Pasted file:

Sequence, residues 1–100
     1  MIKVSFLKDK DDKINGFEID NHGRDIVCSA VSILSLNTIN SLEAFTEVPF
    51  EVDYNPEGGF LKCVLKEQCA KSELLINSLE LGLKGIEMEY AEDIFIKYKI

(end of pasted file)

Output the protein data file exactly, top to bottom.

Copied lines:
Sequence, residues 1–100
     1  MIKVSFLKDK DDKINGFEID NHGRDIVCSA VSILSLNTIN SLEAFTEVPF
    51  EVDYNPEGGF LKCVLKEQCA KSELLINSLE LGLKGIEMEY AEDIFIKYKI